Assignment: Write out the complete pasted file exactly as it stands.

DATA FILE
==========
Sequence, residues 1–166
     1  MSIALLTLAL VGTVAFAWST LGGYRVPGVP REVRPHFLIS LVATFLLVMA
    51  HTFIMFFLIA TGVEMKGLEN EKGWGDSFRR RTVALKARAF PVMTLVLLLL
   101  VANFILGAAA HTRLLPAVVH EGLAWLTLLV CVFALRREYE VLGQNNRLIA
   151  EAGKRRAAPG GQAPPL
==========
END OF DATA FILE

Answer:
Sequence, residues 1–166
     1  MSIALLTLAL VGTVAFAWST LGGYRVPGVP REVRPHFLIS LVATFLLVMA
    51  HTFIMFFLIA TGVEMKGLEN EKGWGDSFRR RTVALKARAF PVMTLVLLLL
   101  VANFILGAAA HTRLLPAVVH EGLAWLTLLV CVFALRREYE VLGQNNRLIA
   151  EAGKRRAAPG GQAPPL